• New and existing components can be used together with the Seed to create a consistent feel and easy re-use for your team
  • Backend
    • NodeJS– Server-side framework utilizing Javascript that serves the app
    • ExpressJS – Express is one of the most common routing modules used in conjunction with Node
  • Dependencies / Tasks
    • Npm – the package manager for our NodeJS modules to manage server dependencies
    • Bower – the package manager for the frontend, each px-component is its own bower install
    • Gulp – Task automation in your development/deployment processes
If you haven't used any of the technologies above, I recommend taking the tutorials on the Polymer/Node/Express sites to learn the basics.

Predix Seed Set Up

Pictures are a bit small in the post, please click on them to see them enlarged. I felt it would be better than having them full size. 

Please let me know your feedback and I can change accordingly.

Set up for the Predix Seed can be found in the GitHub repo: https://github.com/PredixDev/predix-seed

  1. Cloning the repo
    • You should see the following folders/files in your directory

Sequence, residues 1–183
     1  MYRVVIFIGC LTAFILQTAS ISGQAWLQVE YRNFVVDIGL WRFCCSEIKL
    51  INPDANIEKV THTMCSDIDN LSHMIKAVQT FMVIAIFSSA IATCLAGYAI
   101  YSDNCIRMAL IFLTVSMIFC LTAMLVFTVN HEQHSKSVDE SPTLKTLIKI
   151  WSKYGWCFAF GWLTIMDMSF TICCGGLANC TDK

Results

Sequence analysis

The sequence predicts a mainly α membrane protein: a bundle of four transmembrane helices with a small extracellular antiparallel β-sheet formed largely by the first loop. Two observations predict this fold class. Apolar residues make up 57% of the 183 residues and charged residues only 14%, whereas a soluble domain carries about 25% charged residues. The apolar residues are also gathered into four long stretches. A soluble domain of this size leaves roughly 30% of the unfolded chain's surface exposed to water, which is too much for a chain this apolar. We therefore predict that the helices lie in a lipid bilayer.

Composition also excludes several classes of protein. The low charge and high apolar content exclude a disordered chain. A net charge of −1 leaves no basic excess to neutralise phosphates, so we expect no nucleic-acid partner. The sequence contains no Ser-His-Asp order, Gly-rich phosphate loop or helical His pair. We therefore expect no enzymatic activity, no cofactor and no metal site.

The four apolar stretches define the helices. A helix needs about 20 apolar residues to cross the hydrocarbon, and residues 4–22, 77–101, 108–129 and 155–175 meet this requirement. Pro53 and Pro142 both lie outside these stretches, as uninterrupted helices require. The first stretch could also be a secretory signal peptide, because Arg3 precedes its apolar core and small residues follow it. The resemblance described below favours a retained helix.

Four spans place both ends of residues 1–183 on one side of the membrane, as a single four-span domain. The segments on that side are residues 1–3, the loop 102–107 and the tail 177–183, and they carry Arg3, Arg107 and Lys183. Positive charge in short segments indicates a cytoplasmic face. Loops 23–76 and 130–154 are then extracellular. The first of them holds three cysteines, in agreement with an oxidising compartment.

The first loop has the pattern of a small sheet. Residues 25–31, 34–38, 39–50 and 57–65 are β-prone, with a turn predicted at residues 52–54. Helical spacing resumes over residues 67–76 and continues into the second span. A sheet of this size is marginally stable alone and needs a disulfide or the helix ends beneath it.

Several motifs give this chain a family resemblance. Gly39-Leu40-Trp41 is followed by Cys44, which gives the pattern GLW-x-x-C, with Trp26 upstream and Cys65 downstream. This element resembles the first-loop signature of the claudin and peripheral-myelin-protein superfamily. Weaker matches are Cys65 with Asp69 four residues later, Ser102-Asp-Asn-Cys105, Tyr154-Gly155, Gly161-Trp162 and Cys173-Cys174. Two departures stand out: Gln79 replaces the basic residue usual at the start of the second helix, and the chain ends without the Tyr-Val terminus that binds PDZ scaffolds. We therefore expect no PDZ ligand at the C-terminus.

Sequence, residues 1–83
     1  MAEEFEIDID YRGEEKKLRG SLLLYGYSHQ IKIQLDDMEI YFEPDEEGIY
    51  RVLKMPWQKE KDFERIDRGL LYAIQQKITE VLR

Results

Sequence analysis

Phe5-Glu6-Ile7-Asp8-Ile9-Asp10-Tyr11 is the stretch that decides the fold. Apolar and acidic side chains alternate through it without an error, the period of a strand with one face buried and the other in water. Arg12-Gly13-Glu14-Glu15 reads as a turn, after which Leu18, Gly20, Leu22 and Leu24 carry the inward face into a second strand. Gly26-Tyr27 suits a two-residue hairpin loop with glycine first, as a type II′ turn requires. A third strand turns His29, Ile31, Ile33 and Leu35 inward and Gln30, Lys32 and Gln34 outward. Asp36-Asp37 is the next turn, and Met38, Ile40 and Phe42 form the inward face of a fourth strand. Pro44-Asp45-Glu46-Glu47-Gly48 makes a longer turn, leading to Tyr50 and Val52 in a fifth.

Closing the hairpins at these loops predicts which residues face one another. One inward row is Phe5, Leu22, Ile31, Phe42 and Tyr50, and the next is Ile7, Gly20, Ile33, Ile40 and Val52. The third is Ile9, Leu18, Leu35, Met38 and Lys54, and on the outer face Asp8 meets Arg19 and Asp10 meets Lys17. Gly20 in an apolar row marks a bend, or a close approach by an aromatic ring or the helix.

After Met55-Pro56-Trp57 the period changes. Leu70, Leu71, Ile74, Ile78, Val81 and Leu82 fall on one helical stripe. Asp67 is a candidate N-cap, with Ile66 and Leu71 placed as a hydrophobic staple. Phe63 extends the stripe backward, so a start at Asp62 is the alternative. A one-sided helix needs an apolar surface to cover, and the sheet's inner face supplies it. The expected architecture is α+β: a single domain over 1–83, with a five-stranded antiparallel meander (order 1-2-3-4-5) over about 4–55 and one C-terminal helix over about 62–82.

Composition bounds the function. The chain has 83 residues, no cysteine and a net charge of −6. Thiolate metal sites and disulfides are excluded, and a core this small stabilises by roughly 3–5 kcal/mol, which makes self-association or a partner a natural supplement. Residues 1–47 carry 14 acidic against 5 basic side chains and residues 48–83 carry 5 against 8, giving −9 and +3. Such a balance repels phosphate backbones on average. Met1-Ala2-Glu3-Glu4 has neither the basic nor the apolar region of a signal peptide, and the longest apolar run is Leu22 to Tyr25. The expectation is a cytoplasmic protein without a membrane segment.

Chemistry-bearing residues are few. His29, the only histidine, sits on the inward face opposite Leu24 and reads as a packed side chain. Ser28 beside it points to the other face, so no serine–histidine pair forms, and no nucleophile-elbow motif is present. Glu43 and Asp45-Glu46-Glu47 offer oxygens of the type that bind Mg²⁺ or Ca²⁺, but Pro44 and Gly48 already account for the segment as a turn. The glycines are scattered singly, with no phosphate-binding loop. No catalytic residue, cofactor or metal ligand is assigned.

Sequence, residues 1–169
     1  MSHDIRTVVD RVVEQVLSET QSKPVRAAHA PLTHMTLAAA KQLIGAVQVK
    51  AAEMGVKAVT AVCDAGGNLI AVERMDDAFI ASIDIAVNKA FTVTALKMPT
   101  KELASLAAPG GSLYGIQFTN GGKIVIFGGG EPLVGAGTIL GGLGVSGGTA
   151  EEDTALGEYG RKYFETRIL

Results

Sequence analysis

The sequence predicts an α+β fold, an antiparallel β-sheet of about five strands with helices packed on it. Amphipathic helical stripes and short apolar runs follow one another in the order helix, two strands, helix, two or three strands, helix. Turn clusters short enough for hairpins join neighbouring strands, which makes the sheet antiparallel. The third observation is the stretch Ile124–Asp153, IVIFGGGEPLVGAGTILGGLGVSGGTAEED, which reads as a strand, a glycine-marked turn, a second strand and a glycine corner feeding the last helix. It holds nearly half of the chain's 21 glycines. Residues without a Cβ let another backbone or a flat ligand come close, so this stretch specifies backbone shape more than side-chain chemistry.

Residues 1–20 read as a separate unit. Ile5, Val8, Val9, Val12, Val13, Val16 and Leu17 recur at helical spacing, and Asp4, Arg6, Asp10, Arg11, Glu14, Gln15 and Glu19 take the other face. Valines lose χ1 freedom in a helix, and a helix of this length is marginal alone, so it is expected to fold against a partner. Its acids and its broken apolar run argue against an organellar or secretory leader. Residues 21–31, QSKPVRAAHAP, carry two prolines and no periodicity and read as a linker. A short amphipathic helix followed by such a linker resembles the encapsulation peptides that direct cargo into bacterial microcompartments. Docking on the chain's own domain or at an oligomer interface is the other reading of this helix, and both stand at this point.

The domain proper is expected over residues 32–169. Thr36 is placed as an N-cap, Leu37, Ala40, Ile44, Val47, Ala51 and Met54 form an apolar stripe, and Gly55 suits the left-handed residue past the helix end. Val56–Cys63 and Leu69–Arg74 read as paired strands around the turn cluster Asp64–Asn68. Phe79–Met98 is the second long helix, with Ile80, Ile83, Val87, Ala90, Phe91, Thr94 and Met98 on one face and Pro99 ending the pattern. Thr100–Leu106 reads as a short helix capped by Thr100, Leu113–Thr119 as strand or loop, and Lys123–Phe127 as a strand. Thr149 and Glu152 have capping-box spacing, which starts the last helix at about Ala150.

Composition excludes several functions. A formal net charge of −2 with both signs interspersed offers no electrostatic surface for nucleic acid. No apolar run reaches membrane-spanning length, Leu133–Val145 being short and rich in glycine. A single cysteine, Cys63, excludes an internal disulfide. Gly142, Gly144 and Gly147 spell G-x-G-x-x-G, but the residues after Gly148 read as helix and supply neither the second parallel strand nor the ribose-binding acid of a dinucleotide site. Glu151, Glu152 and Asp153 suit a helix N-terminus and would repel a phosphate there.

Predix Seed - The file/folder structure after cloning the repoa

  1. Assuming you have node/bower/gulp installed from the Predix Guide, let’s do the installs
    • Npm Install
      1. “node_modules” created in your root directory

Predix Seed - Blue powershell screen with white text that show node modules being installed successfully.

    • Bower Install
      1. When utilizing this command, you can use the –force tag to automatically download the latest versions of the bower packages. If you do not, then you will be picking a lot of them yourself :).
      2. “bower_components” should be created in your public directory

Predix Seed - Blue powershell screen with white text that show bower packages being installed successfully.

    • Gulp
      1. You should see the following output
        • As we are not using any Predix Services, the empty objects are normal. The Seed is using mock data for now. I will go into details on integrating services in a later post.

Predix Seed - Blue powershell screen with white text that show gulp running successfully.

  1. Check out the UI
    • Navigate to your browser: localhost:5000

Predix Seed - Dashboard of mock data from the Predix Seed in the web browser.

Predix Seed - Data tableof mock data from the Predix Seed in the web browser.

 

Congrats you have successfully set up and ran the Predix Seed locally!!


Concluding Comments

Thank you for taking the time to read part 1 of the Predix Seed series. The seed can look complex when you first open up its repo in your code editor. Next post, I’ll be diving into the UI philosophy and start deciphering the code that is making it work! I hope this helps to reduce the complexity for you.

If you are having any trouble with the set up, please leave a comment or post on the Predix Community Forums!

Have a great week!

Kaleb McKelvey

Resources:

  1. First computer bug